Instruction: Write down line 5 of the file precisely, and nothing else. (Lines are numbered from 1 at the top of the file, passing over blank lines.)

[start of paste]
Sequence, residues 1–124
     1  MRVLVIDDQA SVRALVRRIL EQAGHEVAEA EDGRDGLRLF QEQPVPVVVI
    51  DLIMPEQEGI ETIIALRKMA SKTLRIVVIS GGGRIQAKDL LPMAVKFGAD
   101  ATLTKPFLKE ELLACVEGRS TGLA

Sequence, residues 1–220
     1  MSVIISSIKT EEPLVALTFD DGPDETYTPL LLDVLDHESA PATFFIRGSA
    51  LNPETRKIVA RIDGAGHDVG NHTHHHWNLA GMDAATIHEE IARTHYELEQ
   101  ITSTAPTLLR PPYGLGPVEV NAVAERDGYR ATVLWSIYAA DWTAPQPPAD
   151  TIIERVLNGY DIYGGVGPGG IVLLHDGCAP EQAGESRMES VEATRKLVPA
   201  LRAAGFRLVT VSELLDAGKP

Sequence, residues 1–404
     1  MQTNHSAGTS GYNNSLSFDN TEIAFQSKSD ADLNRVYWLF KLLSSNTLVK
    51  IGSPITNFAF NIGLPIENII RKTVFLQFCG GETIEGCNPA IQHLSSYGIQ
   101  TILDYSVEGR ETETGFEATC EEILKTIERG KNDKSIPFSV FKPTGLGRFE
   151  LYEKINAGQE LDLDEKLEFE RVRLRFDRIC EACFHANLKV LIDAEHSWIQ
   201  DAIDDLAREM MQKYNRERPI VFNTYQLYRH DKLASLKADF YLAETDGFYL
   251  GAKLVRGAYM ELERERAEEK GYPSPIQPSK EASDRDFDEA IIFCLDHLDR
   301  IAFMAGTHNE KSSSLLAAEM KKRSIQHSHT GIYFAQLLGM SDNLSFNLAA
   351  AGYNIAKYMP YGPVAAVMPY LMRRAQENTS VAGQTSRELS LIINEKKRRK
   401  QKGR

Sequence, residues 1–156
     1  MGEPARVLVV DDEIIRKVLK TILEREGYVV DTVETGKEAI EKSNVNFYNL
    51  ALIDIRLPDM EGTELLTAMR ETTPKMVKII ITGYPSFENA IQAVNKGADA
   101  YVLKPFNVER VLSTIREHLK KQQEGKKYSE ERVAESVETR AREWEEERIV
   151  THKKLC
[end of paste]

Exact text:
Sequence, residues 1–220